Dylan enjoys his night out at prom—his date is beautiful, his friend group takes a stretch limo to Denver, and Dylan is in a “great mood,” “insist[ing]” to his friends that they all need to “stay in touch” once they scatter for college in the fall. While Dylan is at prom, Eric has Susan over to watch a cheesy movie. The two have a quiet night in, listening to music. Eric does not make a move to kiss Susan, and she leaves around eleven. Prom is “standard,” and Mr. D is “relie[ved]” when the evening goes off without a hitch. The Columbine gym is outfitted for afterprom—Dylan and his group of friends attend, and Dylan talks with them all night about college and his future.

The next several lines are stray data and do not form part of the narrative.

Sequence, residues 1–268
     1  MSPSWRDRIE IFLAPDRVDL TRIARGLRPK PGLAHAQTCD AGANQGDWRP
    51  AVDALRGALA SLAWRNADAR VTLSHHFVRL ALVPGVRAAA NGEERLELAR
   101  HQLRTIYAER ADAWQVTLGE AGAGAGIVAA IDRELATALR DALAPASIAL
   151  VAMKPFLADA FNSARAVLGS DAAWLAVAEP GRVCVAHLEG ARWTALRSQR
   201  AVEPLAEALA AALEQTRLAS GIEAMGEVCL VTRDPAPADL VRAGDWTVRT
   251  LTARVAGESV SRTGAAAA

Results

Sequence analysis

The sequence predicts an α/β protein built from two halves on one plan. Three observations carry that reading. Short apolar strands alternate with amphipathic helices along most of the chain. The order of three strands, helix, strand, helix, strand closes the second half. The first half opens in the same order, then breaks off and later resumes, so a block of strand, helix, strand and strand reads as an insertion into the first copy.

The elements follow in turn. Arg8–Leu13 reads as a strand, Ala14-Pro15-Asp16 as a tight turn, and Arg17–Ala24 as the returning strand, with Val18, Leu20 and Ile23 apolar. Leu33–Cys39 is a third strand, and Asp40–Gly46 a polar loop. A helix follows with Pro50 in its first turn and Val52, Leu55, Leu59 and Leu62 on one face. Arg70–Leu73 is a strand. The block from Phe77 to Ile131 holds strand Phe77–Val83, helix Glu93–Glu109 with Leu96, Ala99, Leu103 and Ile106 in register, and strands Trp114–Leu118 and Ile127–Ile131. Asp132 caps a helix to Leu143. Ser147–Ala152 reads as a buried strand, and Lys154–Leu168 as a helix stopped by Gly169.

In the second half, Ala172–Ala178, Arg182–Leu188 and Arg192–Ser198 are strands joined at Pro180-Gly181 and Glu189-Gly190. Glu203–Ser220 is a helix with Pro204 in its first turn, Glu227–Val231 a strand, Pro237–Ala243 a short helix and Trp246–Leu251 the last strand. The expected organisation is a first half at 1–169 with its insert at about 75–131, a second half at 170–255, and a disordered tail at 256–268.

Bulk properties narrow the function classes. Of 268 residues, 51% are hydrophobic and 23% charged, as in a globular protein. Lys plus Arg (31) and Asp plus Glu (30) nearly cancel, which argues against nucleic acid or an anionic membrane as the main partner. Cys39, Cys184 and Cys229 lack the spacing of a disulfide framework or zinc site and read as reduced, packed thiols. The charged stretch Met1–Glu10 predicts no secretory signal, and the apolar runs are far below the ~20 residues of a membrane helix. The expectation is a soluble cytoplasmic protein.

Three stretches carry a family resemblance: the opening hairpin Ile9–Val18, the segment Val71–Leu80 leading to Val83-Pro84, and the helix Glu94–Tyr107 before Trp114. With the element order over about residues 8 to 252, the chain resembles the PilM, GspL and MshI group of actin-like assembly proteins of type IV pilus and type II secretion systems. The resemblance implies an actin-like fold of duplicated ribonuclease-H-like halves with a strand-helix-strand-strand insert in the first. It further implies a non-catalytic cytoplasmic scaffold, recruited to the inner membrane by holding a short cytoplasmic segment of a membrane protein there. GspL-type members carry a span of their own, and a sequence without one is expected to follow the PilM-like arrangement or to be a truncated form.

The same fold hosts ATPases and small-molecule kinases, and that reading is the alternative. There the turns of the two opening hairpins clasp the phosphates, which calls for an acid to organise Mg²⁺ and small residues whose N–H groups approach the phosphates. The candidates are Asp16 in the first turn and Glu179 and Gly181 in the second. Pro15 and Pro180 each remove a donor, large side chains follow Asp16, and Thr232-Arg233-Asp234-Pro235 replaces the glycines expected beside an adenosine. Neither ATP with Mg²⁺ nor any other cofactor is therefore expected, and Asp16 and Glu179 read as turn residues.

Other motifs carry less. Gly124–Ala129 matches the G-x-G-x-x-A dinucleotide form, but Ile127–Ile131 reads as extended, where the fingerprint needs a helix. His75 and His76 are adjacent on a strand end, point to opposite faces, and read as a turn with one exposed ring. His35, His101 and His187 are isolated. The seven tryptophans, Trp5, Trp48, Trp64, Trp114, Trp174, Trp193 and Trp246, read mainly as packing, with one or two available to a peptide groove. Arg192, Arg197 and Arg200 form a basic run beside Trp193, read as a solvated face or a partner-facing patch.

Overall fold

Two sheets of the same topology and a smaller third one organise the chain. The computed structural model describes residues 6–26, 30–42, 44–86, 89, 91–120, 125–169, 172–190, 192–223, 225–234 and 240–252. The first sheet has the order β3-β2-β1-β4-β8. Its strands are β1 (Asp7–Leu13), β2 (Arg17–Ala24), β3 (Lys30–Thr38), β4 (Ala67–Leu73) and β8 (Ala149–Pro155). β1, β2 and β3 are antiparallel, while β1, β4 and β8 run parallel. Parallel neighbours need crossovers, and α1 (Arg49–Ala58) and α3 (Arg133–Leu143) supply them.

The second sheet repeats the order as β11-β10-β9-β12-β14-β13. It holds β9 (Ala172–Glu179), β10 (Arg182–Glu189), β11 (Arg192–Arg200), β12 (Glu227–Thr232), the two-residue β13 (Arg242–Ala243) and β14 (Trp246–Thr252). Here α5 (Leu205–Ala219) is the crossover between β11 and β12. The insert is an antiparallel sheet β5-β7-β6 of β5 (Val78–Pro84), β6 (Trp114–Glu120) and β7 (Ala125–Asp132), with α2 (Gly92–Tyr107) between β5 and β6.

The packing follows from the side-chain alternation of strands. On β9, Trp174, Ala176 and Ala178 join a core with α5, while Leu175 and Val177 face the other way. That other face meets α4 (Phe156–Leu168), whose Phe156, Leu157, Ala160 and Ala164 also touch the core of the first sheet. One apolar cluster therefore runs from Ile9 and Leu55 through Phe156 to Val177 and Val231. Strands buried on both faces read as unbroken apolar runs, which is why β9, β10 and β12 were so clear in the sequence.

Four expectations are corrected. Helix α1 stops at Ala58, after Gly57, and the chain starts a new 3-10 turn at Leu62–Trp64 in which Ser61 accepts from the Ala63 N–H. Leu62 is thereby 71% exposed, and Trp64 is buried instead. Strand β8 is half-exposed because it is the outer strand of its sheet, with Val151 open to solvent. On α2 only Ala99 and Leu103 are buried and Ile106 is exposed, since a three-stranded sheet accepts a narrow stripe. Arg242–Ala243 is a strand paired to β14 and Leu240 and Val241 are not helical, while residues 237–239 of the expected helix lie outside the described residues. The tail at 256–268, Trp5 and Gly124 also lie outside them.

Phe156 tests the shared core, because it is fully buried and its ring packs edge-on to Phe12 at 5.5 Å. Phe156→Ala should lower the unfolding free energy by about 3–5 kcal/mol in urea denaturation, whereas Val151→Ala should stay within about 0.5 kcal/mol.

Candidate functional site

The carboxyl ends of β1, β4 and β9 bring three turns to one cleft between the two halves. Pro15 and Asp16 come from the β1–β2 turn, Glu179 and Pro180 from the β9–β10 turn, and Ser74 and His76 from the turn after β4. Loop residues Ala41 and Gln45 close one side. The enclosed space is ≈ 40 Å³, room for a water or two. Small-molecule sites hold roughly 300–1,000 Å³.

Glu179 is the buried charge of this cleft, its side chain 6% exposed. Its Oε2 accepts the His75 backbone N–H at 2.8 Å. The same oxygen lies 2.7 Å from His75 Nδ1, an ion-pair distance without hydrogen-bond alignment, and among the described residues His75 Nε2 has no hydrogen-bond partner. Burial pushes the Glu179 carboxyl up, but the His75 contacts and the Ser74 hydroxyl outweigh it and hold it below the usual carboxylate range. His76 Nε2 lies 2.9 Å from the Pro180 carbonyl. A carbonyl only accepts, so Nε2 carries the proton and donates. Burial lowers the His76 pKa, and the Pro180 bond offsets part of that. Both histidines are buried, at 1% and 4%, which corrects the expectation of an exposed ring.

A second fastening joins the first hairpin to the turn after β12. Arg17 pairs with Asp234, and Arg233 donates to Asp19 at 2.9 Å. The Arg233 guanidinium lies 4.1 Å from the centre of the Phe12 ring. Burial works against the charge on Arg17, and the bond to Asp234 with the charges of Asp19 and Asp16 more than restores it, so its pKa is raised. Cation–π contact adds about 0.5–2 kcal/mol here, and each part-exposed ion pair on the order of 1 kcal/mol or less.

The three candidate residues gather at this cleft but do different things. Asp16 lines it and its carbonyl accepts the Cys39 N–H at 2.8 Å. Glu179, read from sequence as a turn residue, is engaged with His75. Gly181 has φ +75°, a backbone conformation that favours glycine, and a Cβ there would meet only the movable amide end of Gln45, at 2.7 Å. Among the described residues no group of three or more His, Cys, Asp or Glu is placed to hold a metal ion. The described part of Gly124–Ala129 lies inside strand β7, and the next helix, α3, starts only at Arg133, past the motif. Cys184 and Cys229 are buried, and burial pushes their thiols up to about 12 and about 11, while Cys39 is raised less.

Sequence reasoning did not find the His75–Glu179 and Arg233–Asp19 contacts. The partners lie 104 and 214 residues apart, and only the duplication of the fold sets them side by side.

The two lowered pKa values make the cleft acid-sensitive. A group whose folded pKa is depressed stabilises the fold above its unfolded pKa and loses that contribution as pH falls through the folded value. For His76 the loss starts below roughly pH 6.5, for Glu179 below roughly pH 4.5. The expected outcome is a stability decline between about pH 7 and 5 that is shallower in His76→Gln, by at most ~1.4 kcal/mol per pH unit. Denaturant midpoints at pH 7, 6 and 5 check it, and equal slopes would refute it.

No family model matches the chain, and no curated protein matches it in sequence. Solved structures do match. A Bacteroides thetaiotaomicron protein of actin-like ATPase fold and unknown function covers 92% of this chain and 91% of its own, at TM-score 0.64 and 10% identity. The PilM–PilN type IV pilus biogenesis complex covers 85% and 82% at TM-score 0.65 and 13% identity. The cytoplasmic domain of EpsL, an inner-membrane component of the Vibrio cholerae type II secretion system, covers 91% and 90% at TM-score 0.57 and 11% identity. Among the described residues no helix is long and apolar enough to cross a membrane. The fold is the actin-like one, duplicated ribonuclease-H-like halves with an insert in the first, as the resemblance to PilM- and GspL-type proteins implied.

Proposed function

In this chapter, Cullen highlights the appearance of normalcy that characterized the weekend of prom—the weekend before the shooting. Everything is a “standard” affair, and Dylan and Eric seem to be enjoying themselves, even as they continue to plan a violent and destructive massacre of their friends, teachers, and classmates. Dylan looks toward the future, seemingly never betraying the fact that he knows he will be dead in just a couple of days.